Feeds

Prisoner found with phone + charger in anal cavity

Luckily he's not an iPad owner

Next gen security for virtualised datacentres

A Scottish man has been given an extra stretch inside after prison officials found him trying to smuggle both a mobile phone and its charger into prison up his bottom.

Christopher Hughes was facing a nine-year sojourn in the Big House for stabbing four people outside a Motherwell nightclub with a pair of scissors. He pleaded guilty to one charge of attempted murder and three of serious assault to permanent disfigurement.

Hughes now has an extra three months inside added on, after admitting in Perth High Court that he attempted to smuggle prohibited items into the prison system; to wit, having a mobile phone and charging lead "concealed within your anal cavity," STV reports.

The phone was discovered during a full cavity search for new inmates at Her Majesties Prison Castle Huntly near Dundee. After retrieving the rather damp package, prison officers presumably had to double check he hadn't stuffed an iPad Mini up there as well.

Mobile phones are highly prized by prisoners, since access to the fixed-line phone services is strictly limited and highly expensive. In the US, for example, phone companies have a literally captive market and charges are among the highest in the world, with a 15 minute call costing as much as $17, according recent reports.

Smartphones are particularly highly prized, since internet access is an ideal way to make those long hours inside with nothing to do pass faster. But while Hughes might have thought he was making a supreme sacrifice for his leisure time inside, a recent prisoner in the US makes him look like a smuggling virgin.

Last year, Californian Earl Lee Vogt managed to successfully smuggle a Kyocera Metro cell phone, an MP3 player, ear bud headphones, marijuana, tobacco, and $140 in cash into a county jail using the same hiding place as Hughes. Prison officers only found the stash when they smelled him smoking the weed, which must have been really good s**t considering the trouble he went to. ®

Build a business case: developing custom apps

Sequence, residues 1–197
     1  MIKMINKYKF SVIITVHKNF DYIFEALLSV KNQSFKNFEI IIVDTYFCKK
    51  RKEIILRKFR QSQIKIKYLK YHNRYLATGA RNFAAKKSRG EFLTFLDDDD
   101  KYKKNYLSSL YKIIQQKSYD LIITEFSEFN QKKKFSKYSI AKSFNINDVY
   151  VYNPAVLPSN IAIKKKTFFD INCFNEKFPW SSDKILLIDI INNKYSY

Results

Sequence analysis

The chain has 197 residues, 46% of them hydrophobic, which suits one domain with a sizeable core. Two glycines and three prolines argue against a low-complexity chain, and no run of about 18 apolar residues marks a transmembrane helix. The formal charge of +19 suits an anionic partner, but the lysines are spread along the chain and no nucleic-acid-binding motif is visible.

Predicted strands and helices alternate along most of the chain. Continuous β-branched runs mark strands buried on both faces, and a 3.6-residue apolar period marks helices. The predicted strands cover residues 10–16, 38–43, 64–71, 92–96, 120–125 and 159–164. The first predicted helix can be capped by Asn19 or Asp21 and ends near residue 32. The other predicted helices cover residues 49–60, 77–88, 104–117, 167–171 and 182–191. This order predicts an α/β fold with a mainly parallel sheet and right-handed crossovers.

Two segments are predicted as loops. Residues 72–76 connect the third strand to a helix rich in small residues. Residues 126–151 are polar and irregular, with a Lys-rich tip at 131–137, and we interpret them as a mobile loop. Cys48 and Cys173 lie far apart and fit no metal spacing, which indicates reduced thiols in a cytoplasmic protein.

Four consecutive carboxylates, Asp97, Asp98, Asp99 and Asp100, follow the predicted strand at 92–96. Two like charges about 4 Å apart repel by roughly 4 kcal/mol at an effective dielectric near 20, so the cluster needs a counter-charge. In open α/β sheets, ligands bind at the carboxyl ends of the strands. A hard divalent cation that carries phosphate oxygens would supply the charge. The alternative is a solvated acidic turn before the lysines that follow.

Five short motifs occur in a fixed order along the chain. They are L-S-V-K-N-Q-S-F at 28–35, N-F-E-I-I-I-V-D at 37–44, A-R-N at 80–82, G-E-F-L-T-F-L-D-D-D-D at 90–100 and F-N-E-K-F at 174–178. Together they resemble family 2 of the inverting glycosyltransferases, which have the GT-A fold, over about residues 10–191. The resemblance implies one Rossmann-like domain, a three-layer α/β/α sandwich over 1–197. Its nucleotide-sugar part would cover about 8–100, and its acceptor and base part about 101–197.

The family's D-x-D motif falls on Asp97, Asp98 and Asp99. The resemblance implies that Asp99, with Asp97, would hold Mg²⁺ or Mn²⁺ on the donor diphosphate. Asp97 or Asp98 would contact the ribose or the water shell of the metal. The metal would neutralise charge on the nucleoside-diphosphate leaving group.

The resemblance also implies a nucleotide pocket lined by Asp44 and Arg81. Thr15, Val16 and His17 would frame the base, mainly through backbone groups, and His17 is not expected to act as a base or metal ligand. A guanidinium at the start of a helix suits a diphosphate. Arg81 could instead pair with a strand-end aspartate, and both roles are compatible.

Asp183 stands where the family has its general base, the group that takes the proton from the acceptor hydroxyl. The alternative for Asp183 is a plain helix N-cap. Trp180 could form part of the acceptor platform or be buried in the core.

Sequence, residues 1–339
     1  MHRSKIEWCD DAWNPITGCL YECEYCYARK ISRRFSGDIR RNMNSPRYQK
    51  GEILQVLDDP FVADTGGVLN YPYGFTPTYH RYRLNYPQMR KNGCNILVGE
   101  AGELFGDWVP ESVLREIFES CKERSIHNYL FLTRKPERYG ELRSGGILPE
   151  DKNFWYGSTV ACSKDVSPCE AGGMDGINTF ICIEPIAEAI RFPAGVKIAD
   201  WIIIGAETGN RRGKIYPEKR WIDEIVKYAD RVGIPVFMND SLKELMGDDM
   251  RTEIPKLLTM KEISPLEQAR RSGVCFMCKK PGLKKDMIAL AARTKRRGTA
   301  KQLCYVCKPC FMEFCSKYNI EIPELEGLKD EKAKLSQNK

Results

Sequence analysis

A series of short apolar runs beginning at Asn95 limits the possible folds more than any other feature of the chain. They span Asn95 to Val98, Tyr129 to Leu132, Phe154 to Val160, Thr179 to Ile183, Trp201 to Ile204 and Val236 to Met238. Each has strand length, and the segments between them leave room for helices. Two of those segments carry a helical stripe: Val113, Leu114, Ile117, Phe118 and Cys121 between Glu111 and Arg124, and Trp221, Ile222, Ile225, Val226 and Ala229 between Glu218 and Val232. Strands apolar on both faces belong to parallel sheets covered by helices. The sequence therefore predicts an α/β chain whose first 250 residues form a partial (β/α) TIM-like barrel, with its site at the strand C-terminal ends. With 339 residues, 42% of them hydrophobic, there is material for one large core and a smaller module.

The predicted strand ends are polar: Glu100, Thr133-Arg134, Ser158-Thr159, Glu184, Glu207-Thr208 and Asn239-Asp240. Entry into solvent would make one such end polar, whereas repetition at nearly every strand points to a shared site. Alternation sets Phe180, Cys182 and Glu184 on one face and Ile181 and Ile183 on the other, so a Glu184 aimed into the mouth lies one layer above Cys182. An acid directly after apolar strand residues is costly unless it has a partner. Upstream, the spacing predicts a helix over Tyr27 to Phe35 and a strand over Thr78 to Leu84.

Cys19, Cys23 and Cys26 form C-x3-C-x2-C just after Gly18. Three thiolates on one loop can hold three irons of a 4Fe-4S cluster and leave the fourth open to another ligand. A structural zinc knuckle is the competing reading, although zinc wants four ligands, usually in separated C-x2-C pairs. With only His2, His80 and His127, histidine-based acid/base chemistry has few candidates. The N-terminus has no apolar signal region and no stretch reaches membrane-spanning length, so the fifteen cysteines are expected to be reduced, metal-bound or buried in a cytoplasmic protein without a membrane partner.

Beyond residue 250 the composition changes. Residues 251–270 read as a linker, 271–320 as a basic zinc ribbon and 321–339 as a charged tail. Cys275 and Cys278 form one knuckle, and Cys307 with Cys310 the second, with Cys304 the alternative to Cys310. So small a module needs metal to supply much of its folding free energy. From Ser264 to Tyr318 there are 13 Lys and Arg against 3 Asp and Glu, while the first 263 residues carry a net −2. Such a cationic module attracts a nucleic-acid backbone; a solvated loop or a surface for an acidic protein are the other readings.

More from The Register

next story
Drunkards warned: If you can't walk in a straight line, don't shop online, you fool!
Put it away boys. Cover them up ladies. Your credit cards, we mean
Yes, but what are your plans if a DRAGON attacks?
Local UK gov outs most ridiculous FoI requests...
Murder accused DIDN'T ask Siri 'how to hide my roommate'
US court hears of cached browser image - not actual request
Cops baffled by riddle of CHICKEN who crossed ROAD
'Officers were unable to determine Chicken's intent'
Why your mum was WRONG about whiffy tattooed people
They're a future source of RENEWABLE ENERGY
Chomp that sausage: Brits just LOVE scoffing a Full Monty
Sales of traditional brekkie foods soar as hungry folk get their mitts greasy
Nuts to your poncey hipster coffees, I want a TESLA ELECTRO-CAFE
Examining the frothy disconnect in indie cafe culture
prev story

Whitepapers

Implementing global e-invoicing with guaranteed legal certainty
Explaining the role local tax compliance plays in successful supply chain management and e-business and how leading global brands are addressing this.
7 Elements of Radically Simple OS Migration
Avoid the typical headaches of OS migration during your next project by learning about 7 elements of radically simple OS migration.
BYOD's dark side: Data protection
An endpoint data protection solution that adds value to the user and the organization so it can protect itself from data loss as well as leverage corporate data.
Consolidation: The Foundation for IT Business Transformation
In this whitepaper learn how effective consolidation of IT and business resources can enable multiple, meaningful business benefits.
High Performance for All
While HPC is not new, it has traditionally been seen as a specialist area – is it now geared up to meet more mainstream requirements?